A business case is a crucial document that outlines the rationale and justification for initiating an Industrial IoT (IIoT) project or investment. It is essential to secure funding, approval, or support from senior management, stakeholders, or investors. However, there are several myths and misconceptions about what an IIoT business case is and how to create one. In this blog post, we will debunk three of these myths and highlight the realities behind them.
Myth #1: You don't need to create an IIoT business case since you are already committed.
Reality: An IIoT business case helps you decide whether you should commit to the project by using a structured process.
Some people may assume that once they have an IIoT project idea, they don't need to create a business case. They may believe they already know the benefits and costs of the project and have the full support of their organization. However, this can be a risky and costly mistake. An IIoT business case helps you validate your assumptions, quantify your expected outcomes, and compare them with alternative options. It also enables you to identify and mitigate potential risks, challenges, and uncertainties that may affect the success of your IIoT project. By creating an IIoT business case, you can ensure that your project is aligned with your strategic goals, has a clear scope and deliverables, and has a realistic budget and timeline. An IIoT business case can also help you communicate your value proposition and secure buy-in from your key stakeholders.
Myth #2: The IIoT business case is only for obtaining finance for the project.
Reality: The IIoT business case should also outline the why, what, and how of the project in clear terms to guide the entire team harmoniously.
Another myth is that the IIoT business case is only a financial document that shows the return on investment (ROI) or net present value (NPV) of the project. While these are critical metrics to demonstrate the economic viability of the project, they are not the only ones. An IIoT business case should also include other aspects of the project, such as:
The problem or opportunity that the project aims to address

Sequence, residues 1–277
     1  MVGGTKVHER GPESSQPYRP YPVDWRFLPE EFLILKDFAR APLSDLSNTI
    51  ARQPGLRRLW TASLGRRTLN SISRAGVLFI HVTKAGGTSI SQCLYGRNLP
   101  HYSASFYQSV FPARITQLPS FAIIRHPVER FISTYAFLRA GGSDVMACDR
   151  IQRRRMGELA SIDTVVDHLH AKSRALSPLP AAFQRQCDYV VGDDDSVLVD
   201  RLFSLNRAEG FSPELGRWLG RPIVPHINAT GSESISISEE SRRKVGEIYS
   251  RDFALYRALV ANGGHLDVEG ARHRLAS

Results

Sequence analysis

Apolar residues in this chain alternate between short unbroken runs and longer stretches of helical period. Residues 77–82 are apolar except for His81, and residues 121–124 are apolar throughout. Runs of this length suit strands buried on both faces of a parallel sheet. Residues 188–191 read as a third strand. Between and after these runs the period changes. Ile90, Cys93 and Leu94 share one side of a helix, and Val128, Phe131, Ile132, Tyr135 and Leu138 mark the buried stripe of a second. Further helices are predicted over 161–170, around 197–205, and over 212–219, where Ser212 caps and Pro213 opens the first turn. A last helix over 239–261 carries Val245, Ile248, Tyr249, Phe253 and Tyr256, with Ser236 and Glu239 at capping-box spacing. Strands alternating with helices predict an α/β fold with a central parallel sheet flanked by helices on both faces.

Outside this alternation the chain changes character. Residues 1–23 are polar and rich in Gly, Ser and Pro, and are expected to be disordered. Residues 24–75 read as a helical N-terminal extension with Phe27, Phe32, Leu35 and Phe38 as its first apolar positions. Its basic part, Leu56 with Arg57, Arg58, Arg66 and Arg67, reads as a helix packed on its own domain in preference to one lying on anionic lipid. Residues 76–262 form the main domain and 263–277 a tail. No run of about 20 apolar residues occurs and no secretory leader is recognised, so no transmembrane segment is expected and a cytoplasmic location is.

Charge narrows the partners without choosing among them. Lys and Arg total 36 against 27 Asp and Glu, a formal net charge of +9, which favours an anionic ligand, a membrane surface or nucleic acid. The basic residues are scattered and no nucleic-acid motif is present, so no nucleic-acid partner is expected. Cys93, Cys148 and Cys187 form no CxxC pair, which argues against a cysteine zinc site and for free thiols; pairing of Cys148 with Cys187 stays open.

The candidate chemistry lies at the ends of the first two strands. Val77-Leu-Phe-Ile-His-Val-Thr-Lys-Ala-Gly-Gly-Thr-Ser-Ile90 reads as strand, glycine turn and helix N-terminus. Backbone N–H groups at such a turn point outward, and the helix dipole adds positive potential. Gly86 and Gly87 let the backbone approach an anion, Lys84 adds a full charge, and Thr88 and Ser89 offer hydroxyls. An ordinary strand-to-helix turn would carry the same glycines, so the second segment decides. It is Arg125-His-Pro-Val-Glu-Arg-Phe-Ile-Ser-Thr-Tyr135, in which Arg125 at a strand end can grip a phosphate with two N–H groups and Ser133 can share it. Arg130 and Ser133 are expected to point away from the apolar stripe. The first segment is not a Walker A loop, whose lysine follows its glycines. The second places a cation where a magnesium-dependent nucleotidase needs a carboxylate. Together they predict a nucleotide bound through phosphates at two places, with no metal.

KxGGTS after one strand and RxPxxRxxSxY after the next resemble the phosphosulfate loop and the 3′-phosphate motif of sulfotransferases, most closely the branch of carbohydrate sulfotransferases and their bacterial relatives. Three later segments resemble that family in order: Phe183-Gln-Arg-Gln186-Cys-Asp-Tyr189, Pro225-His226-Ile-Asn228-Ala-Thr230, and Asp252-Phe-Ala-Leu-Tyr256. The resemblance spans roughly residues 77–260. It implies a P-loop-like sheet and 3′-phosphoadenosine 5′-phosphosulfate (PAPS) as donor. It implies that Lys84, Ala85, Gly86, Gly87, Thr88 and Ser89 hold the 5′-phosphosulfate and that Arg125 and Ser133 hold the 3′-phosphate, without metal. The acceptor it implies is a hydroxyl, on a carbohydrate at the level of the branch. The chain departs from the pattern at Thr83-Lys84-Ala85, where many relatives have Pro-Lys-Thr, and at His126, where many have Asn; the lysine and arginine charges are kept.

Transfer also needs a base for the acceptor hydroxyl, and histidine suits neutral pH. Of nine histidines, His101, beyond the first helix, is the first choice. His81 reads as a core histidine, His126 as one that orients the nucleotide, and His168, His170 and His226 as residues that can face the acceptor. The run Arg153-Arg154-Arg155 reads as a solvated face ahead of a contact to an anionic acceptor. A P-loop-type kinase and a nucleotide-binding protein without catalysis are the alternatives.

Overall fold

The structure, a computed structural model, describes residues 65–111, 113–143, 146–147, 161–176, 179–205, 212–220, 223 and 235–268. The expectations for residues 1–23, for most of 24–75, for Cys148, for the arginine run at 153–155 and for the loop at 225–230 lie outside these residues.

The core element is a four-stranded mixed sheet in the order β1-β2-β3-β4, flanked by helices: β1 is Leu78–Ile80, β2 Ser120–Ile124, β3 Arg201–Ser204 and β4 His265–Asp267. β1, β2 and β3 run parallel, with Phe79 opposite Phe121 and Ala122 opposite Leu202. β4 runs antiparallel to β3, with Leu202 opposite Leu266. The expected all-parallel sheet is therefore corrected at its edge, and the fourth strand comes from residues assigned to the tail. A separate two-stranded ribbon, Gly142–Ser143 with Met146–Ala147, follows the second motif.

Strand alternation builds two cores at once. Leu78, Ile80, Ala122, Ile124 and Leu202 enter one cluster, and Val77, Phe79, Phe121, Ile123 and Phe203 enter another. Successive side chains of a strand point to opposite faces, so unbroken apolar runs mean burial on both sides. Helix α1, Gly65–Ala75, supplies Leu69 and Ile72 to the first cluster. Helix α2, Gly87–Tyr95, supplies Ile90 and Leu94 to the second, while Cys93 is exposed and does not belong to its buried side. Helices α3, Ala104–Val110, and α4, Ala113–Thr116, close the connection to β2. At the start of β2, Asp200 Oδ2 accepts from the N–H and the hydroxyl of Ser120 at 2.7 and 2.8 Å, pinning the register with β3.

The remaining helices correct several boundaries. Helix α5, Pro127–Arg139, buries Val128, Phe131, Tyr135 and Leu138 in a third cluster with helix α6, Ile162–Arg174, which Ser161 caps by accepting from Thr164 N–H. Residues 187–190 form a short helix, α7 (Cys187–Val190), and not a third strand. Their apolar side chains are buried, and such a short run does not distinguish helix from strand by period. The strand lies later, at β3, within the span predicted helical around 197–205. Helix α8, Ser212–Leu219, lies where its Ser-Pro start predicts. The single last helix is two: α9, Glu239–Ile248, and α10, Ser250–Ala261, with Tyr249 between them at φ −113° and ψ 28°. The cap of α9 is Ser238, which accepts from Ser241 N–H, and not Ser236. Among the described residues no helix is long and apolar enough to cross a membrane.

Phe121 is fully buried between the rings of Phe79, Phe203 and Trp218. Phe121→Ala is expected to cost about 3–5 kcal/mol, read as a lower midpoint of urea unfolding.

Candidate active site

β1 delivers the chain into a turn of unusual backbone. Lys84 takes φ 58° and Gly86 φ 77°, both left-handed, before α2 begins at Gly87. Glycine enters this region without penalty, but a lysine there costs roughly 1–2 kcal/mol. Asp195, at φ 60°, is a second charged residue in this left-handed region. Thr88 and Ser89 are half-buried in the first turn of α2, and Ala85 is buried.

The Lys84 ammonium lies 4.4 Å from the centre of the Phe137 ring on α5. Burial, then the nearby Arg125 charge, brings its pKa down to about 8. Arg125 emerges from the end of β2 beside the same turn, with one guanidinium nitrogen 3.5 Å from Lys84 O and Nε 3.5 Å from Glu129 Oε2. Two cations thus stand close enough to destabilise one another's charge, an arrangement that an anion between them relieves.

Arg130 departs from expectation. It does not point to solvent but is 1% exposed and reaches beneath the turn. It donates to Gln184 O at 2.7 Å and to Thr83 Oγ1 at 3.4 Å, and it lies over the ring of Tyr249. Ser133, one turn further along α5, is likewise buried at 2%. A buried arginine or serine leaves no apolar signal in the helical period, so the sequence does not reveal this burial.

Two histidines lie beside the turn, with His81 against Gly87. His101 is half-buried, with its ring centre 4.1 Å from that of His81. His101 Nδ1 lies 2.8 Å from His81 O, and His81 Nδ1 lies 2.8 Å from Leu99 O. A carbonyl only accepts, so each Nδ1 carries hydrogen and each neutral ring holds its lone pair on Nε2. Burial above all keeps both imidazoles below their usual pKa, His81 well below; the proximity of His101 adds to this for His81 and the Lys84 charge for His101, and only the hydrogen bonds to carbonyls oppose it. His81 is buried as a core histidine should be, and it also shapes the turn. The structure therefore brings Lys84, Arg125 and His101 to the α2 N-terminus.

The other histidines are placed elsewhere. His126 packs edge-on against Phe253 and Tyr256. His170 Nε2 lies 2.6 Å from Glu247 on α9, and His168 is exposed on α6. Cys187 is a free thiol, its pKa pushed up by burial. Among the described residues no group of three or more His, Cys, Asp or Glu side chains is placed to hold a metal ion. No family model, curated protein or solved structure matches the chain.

The objectives and benefits that the project will deliver
The scope and requirements of the project
The stakeholders and their roles and responsibilities
The assumptions and constraints that affect the project
The risks and issues that may impact the project
The alternatives and options that were considered and rejected
The implementation plan and schedule of the project
The monitoring and evaluation plan of the project
By including these elements in your IIoT business case, you can provide a comprehensive and coherent picture of your project to your team members, sponsors, customers, and other parties involved. This can help you align their expectations, gain their trust and commitment, and resolve any conflicts or misunderstandings that may arise during the IIoT project.
Myth #3: The IIoT business case is only an academic exercise, and no one will use it.
Reality: The IIoT business case should outline alternatives, project risks, contingency plan, change management, and enable effective decisions and execution.
The final myth is that the IIoT business case is only a theoretical document that is created at the beginning of the project and then forgotten or ignored. Some people may think that once they have secured the approval or funding for their IIoT project, they don't need to refer to or update their IIoT business case anymore. However, this can be a fatal error. An IIoT business case is not a static document that collects dust on a shelf. It is a dynamic tool that should be used throughout the life of the project and used as a reference for future projetcs.
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